Neighborhood – Uchida & Swatt (2013)

Study Reference:

Uchida, C. & Swatt, M. L. (2013). Operation LASER and the Effectiveness of Hotspot Patrol: A Panel Analysis. Police Quarterly, 3(16): 287-304.

Location in the Matrix; Methodological Rigor; Outcome:

Neighborhoods; Focused; Proactive; Moderately Rigorous; Mixed findings

What police practice or strategy was examined?

This study evaluated the impact of Operation LASER (Los Angeles’ Strategic Extraction and Restoration program), a program conducted by the Los Angeles Police Department Newton Division to target gun violence. This operation has two components, a chronic offender component and a chronic location component, with five primary goals: targeted arrests of offenders from specific neighborhoods and areas, restore peace to neighborhoods and communities, remove anonymity of gun offenders, remove anonymity of gang members, and reduce gun and gang-related crime in the Newton Division. The centerpiece of the offender-based strategies involved the creation of a crime intelligence detail (CID), composed originally of two sworn officers and one crime analyst. The CID’s mission is to gather information from all available sources to produce proactive intelligence briefs called Chronic Offender Bulletins. The bulletin contains pertinent information on each individual, such as description, physical idiosyncrasies (tattoos), gang affiliation, prior crimes committed, parole or probation status, and locations of where the individual was stopped in or near Newton Division. The bulletins, which are updated every quarter, are accessible through the officers’ patrol car computers and are intended to assist officers in identifying crime trends and solving current investigations, and to give officers a tool for proactive police work. Location-based strategies included directed patrols, bike officer and foot patrols, and more extensive use of CCTV cameras. The chronic offender component of the intervention occurred in each reporting district in the Newton Division, however, the location-based components were targeted at five hot corridors within the division.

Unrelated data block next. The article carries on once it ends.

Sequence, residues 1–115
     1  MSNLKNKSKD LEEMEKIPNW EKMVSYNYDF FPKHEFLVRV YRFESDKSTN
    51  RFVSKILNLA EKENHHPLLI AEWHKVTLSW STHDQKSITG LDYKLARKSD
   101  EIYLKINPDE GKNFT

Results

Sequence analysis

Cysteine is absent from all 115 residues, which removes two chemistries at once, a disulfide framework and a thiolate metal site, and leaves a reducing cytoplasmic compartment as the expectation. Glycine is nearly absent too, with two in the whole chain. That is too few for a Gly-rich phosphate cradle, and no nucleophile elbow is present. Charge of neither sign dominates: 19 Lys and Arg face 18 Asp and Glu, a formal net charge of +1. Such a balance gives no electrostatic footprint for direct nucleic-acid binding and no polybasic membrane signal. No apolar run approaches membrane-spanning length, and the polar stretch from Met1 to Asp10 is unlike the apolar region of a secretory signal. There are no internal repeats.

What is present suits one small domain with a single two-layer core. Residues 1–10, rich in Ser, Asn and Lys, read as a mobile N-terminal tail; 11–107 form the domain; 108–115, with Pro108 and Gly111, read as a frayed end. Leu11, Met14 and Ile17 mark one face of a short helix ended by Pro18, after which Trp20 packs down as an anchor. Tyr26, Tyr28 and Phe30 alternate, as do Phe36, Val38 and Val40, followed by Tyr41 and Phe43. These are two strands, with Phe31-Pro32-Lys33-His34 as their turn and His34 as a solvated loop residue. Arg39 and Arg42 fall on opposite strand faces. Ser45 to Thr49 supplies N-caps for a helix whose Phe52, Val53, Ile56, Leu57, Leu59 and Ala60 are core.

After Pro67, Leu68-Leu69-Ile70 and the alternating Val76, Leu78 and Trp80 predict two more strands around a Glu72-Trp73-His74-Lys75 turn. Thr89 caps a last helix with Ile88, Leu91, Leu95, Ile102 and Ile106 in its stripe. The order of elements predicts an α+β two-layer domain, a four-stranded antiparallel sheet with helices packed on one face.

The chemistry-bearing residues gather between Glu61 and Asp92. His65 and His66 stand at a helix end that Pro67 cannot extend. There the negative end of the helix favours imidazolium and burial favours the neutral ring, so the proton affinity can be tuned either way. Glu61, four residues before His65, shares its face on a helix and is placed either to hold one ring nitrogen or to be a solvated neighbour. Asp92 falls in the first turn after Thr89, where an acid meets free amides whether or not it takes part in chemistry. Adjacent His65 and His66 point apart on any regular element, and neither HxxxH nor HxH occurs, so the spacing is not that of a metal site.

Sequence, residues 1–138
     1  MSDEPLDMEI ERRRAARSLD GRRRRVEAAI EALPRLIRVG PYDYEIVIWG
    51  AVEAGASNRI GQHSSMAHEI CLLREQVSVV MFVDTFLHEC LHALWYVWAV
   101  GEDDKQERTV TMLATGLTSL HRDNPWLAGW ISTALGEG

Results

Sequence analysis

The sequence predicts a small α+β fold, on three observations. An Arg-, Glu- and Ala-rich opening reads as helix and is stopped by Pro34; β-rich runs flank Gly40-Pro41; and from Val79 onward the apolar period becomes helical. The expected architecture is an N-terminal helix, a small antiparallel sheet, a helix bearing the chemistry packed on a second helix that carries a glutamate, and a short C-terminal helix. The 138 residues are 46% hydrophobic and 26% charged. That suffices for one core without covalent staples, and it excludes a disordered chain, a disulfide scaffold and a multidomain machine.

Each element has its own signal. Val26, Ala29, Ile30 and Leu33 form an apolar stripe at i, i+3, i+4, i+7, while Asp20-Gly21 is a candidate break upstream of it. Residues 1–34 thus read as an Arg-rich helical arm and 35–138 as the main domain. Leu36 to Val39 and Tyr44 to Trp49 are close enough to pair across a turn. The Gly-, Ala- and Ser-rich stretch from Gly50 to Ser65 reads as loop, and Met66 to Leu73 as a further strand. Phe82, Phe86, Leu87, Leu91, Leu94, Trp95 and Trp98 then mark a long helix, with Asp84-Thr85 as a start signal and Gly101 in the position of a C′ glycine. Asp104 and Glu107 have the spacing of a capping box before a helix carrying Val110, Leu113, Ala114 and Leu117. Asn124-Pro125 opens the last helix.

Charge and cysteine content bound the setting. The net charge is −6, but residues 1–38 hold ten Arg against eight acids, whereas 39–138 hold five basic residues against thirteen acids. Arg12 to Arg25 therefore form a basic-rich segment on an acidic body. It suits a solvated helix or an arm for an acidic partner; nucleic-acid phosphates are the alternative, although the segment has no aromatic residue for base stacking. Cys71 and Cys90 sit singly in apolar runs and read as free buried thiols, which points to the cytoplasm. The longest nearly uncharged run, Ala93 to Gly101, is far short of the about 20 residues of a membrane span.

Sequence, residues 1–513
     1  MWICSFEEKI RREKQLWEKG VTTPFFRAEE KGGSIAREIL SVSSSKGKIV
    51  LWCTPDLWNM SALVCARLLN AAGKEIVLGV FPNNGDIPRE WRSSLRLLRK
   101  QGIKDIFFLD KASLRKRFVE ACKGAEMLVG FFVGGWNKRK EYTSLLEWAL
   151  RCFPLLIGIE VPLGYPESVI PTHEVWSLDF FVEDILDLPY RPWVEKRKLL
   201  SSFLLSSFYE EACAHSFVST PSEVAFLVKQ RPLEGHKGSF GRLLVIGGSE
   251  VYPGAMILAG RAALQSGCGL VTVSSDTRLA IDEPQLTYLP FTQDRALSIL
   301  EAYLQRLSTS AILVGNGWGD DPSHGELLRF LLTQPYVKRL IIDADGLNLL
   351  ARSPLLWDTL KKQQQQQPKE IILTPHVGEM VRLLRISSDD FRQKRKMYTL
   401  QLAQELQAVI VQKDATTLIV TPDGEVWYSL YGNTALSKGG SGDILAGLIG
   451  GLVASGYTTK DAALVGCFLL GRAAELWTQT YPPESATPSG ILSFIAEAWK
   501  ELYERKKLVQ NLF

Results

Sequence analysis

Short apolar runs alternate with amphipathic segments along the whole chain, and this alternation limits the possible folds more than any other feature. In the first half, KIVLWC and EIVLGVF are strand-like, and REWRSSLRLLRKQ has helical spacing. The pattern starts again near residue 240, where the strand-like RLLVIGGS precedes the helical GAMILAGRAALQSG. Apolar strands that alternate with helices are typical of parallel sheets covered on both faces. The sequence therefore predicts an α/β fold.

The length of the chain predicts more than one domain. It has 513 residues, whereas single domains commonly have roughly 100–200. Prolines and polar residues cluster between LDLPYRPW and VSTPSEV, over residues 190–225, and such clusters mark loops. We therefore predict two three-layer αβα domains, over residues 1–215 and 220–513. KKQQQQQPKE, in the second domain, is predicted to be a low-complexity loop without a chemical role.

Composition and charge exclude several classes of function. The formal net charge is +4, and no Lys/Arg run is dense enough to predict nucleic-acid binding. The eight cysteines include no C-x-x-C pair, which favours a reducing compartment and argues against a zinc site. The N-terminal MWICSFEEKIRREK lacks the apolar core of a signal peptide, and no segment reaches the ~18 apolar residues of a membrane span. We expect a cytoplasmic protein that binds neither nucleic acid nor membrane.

How was the intervention evaluated?

LASER was assessed at the reporting district (RD) level using a panel design to investigate specific declines in gun crime for the first 10 months after the operation began. Based on the study’s implementation strategy, three separate indicators for intervention effects were created. The first indicator measured whether an RD received any intervention. The second indicator measured whether the RD received both the chronic offender and chronic location intervention. The third indicator measured whether only the chronic offender intervention was received. Experimental RDs were compared to control RDs from the other seven divisions. This study used data from all Part I and Part II incidents reported to the LAPD where a firearm was involved from January 2006 to June 2012.

What were the key findings?

Operation LASER resulted in a 5.2% decrease in gun crime across the RDs in the Newton Division. To further investigate the nature of this effect, the intervention effect was disaggregated into the RDs in Newton that received only the chronic offender intervention and the RDs receiving both the chronic offender and chronic location interventions. Results from this model indicated that the intervention effect was confined to only the RDs that received both interventions. Specifically, gun crime in these RDs decreased an additional 7.2% per month after the intervention.

What were the implications for law enforcement?

The authors suggest that four key elements of LASER can be attributed with its success: (1) the creation of the CID, (2) a focus on both chronic offenders and chronic locations, (3) directed patrol required officers to work in specific target areas each week and, (4) the program was monitored and evaluated by a research partner.

Where can I find more information about this intervention, similar types of intervention, or related studies?